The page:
Novels, Fiction & SillinessHow to Begin a Vampire Novel: “Fanged” Excerpt 3

Once upon a time, I had the idea to write a vampire story at a time when vampires were the hot supernatural creature to talk about (“hot” even though their skin is cold, ba-dum-ching!) At the same time, I knew that the world was beginning to experience vampire fatigue – or at least Twilight fatigue that translated into being tired of vampires in general.

Aware of that fatigue, I took a different approach when I wrote the first chapter of Fanged. I wanted to make it clear from the beginning that this book was not like the “other” vampire novels out there. I wanted the reader to understand that my protagonist was different from other vampire protagonists, that he was really just a regular teenage boy who just happened to be a vampire.

I thought, “What does my character’s bedroom look like?”

And that’s when the ideas started to flow. I had already decided that my protagonist was going to live in a crypt in the middle of a cemetery. I wrote pages of description comparing his old teenage bedroom with his current living situation, hoping to use the setting and props as a way to give clues about his personality.

The end result was this, the very first page of my book:

Chapter 1 – How I Met My New Best Friend by Almost Killing a Mall Employee

 My bedroom is different from other people’s bedrooms.

            First of all, you won’t find any posters on my walls.  I had to leave them all behind.  The posters of my favorite bands, favorite CD covers, modern art prints, and women in bathing suits still adorn the walls and ceiling of my old apartment.  When I left New York, I did it in a hurry, taking only the most essential items with me.  (I’m not going to lie – I miss the bathing suit pictures most of all.  They kept me company on some very lonely nights.)

            Besides, posters would look odd in my new place anyway.  The art prints might fit in, but the Beck poster would be out of place on the grey stone walls that had just begun to deteriorate.  The small room was finally showing its age.  From the cold, stone floor, to the arch over the heavy door, to the ceiling stretching eight feet high, the grey stone was just beginning to develop a tint of copper-colored decay.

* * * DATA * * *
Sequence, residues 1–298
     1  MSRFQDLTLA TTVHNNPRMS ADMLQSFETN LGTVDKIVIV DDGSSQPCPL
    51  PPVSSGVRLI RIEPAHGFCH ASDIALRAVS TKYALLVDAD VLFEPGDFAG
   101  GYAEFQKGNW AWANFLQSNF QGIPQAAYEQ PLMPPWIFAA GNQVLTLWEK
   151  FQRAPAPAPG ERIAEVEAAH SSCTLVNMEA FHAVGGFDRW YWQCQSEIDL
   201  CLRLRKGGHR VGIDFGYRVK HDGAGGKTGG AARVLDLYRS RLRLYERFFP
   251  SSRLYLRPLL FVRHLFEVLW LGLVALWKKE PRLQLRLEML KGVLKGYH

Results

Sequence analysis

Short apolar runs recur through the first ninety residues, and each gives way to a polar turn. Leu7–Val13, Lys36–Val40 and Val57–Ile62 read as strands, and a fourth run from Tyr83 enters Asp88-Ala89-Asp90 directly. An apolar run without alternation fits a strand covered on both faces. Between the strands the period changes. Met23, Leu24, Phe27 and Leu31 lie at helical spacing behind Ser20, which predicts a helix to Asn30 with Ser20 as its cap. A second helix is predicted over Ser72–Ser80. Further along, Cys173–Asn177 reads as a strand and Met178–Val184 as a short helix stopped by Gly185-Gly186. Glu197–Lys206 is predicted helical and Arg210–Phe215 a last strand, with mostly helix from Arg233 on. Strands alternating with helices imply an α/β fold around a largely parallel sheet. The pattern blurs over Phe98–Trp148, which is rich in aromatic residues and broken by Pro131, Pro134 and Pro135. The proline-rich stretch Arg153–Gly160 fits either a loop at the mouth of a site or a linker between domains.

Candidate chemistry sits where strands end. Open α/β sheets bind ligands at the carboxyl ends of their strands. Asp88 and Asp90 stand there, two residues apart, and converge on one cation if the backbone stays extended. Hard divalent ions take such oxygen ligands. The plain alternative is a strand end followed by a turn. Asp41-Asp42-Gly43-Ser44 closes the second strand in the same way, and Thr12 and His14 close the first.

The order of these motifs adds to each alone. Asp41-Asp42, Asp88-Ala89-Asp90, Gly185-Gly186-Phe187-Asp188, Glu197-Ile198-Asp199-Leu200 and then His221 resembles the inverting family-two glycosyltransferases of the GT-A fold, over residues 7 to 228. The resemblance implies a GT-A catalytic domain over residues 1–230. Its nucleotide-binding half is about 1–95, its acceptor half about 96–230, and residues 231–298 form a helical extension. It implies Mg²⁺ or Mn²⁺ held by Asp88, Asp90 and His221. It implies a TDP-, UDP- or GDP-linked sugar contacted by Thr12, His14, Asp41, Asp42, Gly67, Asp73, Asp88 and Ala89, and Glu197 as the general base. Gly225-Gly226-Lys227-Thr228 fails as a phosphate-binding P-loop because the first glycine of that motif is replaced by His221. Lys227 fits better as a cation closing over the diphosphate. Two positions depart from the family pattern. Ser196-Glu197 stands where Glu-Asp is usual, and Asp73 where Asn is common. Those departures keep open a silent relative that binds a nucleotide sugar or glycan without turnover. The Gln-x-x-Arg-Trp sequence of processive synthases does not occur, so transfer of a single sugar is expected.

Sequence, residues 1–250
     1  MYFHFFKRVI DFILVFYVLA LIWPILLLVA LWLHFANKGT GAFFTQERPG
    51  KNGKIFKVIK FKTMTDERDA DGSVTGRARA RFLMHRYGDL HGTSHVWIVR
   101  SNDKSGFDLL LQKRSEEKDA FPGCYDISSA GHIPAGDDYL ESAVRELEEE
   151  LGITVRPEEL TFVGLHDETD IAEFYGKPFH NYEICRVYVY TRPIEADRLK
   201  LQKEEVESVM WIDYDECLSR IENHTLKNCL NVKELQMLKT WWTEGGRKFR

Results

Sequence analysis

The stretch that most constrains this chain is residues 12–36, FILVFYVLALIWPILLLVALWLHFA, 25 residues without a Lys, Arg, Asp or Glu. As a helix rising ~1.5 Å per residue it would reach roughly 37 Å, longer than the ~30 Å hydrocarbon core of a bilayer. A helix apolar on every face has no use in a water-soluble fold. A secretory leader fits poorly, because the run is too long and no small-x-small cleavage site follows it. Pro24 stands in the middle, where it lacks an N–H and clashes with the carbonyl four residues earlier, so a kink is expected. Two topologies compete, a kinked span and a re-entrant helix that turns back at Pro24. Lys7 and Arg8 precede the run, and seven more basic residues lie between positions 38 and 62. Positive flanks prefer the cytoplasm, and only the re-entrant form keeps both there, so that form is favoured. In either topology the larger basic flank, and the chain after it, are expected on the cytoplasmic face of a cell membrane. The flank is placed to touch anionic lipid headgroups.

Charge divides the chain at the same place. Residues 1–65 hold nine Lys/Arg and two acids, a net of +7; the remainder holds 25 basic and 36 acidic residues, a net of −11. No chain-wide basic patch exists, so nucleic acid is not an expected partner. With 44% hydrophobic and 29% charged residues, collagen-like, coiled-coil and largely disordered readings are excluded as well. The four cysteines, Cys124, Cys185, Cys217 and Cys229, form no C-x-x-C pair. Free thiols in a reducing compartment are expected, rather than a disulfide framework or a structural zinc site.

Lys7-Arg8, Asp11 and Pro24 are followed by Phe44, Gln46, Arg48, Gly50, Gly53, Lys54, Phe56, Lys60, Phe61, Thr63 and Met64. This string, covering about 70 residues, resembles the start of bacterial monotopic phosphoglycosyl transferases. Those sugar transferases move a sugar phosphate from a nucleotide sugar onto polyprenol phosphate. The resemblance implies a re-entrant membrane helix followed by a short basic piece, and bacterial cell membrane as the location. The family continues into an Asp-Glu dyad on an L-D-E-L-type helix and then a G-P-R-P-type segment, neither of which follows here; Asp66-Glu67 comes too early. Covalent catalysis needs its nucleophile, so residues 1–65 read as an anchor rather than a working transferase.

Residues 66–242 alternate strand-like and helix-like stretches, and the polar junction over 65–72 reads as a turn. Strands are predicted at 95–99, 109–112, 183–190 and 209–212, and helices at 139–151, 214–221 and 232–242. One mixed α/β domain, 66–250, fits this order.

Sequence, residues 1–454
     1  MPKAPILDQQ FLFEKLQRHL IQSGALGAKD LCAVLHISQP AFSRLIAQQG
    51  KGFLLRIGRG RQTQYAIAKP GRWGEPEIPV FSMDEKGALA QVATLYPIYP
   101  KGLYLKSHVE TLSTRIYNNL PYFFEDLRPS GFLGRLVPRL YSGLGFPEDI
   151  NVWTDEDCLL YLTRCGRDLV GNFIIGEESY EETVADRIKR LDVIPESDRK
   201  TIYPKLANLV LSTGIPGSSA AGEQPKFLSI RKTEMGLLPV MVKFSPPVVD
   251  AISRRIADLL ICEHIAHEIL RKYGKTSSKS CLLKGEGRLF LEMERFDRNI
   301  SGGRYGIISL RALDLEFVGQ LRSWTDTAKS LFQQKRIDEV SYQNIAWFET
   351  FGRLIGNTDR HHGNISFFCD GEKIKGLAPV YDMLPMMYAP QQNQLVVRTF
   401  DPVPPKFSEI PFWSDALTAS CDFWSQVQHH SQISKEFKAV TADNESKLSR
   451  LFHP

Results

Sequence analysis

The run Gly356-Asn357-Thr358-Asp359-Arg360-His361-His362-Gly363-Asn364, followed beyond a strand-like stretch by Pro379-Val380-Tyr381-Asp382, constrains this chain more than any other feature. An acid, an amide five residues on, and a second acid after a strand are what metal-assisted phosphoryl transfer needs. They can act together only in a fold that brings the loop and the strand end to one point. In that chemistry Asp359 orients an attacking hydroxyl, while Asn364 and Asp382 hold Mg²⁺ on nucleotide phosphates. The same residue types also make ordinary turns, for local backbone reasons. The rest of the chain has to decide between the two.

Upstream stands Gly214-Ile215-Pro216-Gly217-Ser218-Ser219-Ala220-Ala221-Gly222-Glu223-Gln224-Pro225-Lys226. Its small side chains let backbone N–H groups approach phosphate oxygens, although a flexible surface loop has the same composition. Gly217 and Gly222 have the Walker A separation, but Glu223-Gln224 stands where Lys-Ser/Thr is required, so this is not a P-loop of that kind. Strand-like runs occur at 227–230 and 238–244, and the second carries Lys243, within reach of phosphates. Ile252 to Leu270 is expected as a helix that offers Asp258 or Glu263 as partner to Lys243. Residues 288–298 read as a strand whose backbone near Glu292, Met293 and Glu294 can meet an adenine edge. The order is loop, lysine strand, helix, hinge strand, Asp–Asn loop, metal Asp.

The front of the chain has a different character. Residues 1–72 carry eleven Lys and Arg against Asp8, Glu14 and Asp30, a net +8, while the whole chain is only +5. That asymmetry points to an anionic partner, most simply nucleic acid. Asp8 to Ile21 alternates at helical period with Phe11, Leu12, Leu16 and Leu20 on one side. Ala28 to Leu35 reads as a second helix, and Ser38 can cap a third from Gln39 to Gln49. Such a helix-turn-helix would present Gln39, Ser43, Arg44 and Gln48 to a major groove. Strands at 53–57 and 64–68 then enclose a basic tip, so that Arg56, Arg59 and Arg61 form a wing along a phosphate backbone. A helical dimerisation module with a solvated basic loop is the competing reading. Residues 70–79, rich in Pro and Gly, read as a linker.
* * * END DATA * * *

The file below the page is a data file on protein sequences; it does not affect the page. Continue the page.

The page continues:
This didn’t worry me.  I only planned to stay there for a year, two years tops, and I knew it wouldn’t collapse for decades yet.  Besides, the older my room looks, the more frightening and eerie it looks, meaning people will be even less likely to come knocking.  I have a “Trespassers Keep Out: This Means You!” sign hanging on the door of my old room, but the mausoleum I live in now renders such a sign unnecessary.  People are plenty wary of approaching this place even without a sign to threaten them.

            That’s another odd thing about my bedroom.  The bedroom makes up the entire house.  And it isn’t a house so much as a crypt, a crypt at the south side of the Holy Rood Cemetery in Whippany, New Jersey.

            Even the boldest and most dangerous of runaways would balk at hiding out in a cemetery.  Then again, I’m not a typical runaway.  I have a limited amount of clothes, I travel by night and sleep by day…okay, that part is pretty typical.  But I’m no victim of the morally-challenged who prey on confused young people.  If they try anything with me, they become my prey.  I bare my fangs and drink deep – not enough to kill, but just enough to show who’s in charge.

            That’s just one of the advantages of being a vampire.

            Living in a cemetery seems like the ultimate vampire cliché, I know.  I have a multitude of issues with the popular misconceptions about vampires, especially the ones that make us look like brooding emo whiners with no sense of humor who lament over being misunderstood and losing our poor, fragile souls.  Please.  I have no patience for that stereotype.  But camping out in a crypt is practical for me and more comfortable than it might seem.

I was proud of this chapter when I completed it. The character’s personality seemed to come through and there was some decent humor in there.

I was less satisfied when I returned to the chapter after receiving some feedback from one of my beta readers (who is one of the people listed in the acknowledgments section of the book). She thought that the description of the setting was used as a placeholder for character insight, rather than enhancing character insight.

I also wasn’t happy with the character’s sarcasm about other vampire stereotypes. He suddenly came across as smug and a little obnoxious. Also, my reader made a very good point – that maybe it wasn’t a good idea to alienate a target audience who might have read and enjoyed other stories with the “brooding emo” vampires.

But the main thing that bothered me was that nothing was happening in this chapter. This description goes on for several more pages before we see any kind of action.

Then why, after all of these doubts, did I make this the first chapter of my book?

Well, I didn’t. I rewrote the whole thing.

[To be continued…]

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